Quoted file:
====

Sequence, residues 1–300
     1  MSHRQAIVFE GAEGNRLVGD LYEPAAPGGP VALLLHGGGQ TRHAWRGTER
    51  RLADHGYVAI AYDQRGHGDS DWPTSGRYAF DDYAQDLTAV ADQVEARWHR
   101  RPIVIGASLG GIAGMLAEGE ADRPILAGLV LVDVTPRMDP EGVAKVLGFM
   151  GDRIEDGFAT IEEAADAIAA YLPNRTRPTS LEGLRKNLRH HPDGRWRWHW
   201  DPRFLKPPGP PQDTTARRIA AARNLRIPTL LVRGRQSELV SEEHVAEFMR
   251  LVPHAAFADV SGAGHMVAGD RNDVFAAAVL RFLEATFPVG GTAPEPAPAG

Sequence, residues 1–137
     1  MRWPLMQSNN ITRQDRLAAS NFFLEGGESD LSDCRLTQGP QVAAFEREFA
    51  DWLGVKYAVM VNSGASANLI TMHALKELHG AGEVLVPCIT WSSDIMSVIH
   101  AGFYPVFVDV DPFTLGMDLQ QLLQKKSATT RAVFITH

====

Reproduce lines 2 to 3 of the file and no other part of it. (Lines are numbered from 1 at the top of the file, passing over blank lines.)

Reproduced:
     1  MSHRQAIVFE GAEGNRLVGD LYEPAAPGGP VALLLHGGGQ TRHAWRGTER
    51  RLADHGYVAI AYDQRGHGDS DWPTSGRYAF DDYAQDLTAV ADQVEARWHR